October 24, 2005

CLI Magic: lsof

Author: Joe Barr

Last week's CLI Magic column was about Trojan Scan, a useful tool (still in alpha development phase) for warding off the bad guys. I noted then that the utility was based on the lsof command -- actually, based on just one of the hundreds of combinations of arguments used to tell lsof exactly what it is you want from it. This week we're going to take a longer look at lsof, and see a few of the other mysteries it can solve.Judging by the size of its man page, lsof is one of the most complex commands available, but don't worry, we're going to keep this simple. We have to, or a real system admin with years of experience using lsof on multiple platforms -- rather than a simple home user like me -- will have to write it.

As a rule, I close the column with a reminder to read the man pages for the topic at hand. This week I'm going to begin with a different tip:

Tip #1 - Use lsof -h instead of man lsof

This is a better way to get your foot in the door with lsof. Why? Because it produces a cheat sheet like this that you can use whenever needed:

lsof -h
lsof 4.74
latest revision: ftp://lsof.itap.purdue.edu/pub/tools/unix/lsof/
latest FAQ: ftp://lsof.itap.purdue.edu/pub/tools/unix/lsof/FAQ
latest man page: ftp://lsof.itap.purdue.edu/pub/tools/unix/lsof/lsof_man
usage: [-?abhlnNoOPRstUvV] [+|-c c] [+|-d s] [+D D] [+|-f]
[-F [f[[ [-g [s[[ [-i [i[[ [+|-L [l[[ [+m [m[[ [+|-M] [-o [o[[
[-p s] [+|-r [t[[ [-S [t[[ [-T [t[[ [-u s] [+|-w] [-x [fl[[ [--] [names]
Defaults in parentheses; comma-separate set (s) items; dash-separate ranges.
    -?|-h list help          -a AND selections (OR)     -b avoid kernel blocks
-c c  cmd c, /c/[bix]    +c w  COMMAND width (9)
    +d s  dir s files        -d s  select by FD set     +D D  dir D tree *SLOW?*
    -i select IPv[46] files    -l list UID numbers
    -n no host names         -N select NFS files        -o list file offset
    -O avoid overhead *RISK  -P no port names           -R list paRent PID
    -s list file size        -t terse listing           -T disable TCP/TPI info
    -U select Unix socket    -v list version info       -V verbose search
    +|-w  Warnings (+)       -- end option scan
    +f|-f  +filesystem or -file names
    -F [f] select fields; -F? for help
    +|-L [l] list (+) suppress (-) link counts

Tip #2 - Download the source package and read the 00QUICKSTART file included with it.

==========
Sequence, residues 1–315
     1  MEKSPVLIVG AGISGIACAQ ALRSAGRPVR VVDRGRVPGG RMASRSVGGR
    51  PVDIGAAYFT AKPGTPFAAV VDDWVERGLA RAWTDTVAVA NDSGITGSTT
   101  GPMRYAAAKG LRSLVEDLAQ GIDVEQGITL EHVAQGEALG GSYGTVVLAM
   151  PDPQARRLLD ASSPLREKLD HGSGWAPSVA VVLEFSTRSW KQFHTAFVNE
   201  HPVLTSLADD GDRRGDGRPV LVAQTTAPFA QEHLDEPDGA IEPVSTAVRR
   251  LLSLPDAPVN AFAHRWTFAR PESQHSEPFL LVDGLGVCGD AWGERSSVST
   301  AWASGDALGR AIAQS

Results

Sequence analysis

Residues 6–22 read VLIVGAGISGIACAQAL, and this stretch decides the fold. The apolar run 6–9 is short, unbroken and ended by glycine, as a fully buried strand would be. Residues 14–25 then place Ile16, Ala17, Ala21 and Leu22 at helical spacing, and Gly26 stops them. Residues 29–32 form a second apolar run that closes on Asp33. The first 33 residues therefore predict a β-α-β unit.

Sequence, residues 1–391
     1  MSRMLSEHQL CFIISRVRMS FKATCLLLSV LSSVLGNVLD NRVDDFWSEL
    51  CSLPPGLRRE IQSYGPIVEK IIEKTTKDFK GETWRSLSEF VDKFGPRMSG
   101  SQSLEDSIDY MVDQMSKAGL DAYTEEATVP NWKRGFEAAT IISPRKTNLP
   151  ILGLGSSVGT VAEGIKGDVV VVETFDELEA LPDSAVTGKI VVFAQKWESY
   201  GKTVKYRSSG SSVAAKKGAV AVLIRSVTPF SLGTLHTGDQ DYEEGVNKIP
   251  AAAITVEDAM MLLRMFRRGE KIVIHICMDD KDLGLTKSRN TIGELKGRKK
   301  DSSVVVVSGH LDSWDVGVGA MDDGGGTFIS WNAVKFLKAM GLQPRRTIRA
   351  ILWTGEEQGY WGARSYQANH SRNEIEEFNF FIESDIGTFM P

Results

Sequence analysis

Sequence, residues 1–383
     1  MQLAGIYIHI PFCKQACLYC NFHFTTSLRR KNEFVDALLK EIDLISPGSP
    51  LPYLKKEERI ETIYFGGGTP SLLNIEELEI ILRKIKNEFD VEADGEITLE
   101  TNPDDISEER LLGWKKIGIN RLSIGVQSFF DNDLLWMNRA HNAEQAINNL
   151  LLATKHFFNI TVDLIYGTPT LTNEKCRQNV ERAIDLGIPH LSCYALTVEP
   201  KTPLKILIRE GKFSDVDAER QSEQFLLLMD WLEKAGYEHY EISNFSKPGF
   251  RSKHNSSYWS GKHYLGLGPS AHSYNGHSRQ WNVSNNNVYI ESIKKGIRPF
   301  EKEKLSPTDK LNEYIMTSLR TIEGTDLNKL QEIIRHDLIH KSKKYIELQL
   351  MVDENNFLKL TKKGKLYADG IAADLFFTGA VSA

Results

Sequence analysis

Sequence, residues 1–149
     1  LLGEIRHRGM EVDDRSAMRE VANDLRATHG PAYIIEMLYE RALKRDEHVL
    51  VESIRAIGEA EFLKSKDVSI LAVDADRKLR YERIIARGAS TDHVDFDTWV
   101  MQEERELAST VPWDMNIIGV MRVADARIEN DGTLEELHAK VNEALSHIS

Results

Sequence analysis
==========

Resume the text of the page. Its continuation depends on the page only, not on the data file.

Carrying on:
You can download the latest version of lsof from here. It's much easier to read and learn from the 00QUICKSTART file than lsof's man page. Ok, no more tips. From here we're on our own.

You'll rarely want to use lsof alone, without any options at all. Why? Because running lsof with no options will list all open files that belong to active processes. It produces more than 4,000 lines of output on my system, so anything I might be interested in finding would take forever to find.

As noted last week, Trojan Scan uses lsof -Pni to get a listing of all current Internet connections by port number and IP address. Let's take a look at a few other categories of information that lsof can provide.

Let's say you wanted to list all the open files for a particular user. You can do it by user ID or by user name. Like this:

lsof -u warthawg


lsof -u 1234

You can also confine lsof to listing open files on a single device or partition, like this:

lsof /dev/hda1

One word of caution. If you list the open files that the primary user on a system has open, or the open files on the most heavily used disk, you're still likely to get thousands of lines of output.

But one of the things that makes lsof so powerful is its ability to use logical AND/OR operatives to create more complex commands that produce more focused output.

Let's try that by combining the user and device selections from our first two efforts. Like this:

lsof -u 1234 -a /dev/hda1

Note that reversing the order, putting the device name first, does not seem to work. But in the sequence shown above, it works just fine.

Maybe you're curious about what a particular application, or process, has open. To find out, use:

lsof -p 17265

The only problem with specifying the PID as above, is that an application may have dozens of processes running. If you want to see all the open processes for a given application, you can specify the first few characters of the name of the process, and lsof will list all those that match. Evolution seems a likely candidate for this type of lsof, so give it a try with this:

lsof -c evol

Of course, that may result in the dreaded "too much information" condition. If so, use the -a logical operator to AND it with files on a particular device.

If you're paranoid, you might want to know who is connected to your machine on a range of ports. Providing you know your IP address, you can find out like this:

lsof -i @

Note that you may need to be logged in as root, or use sudo, for some of lsof's functions.

That wraps up your introduction to lsof in all its glory, but there is much more to learn. I refer you to the man pages, but only after you've perused the lsof -h and the 00QUICKSTART file noted above. If you're an lsof expert, please feel free to add your favorite usage in comments.

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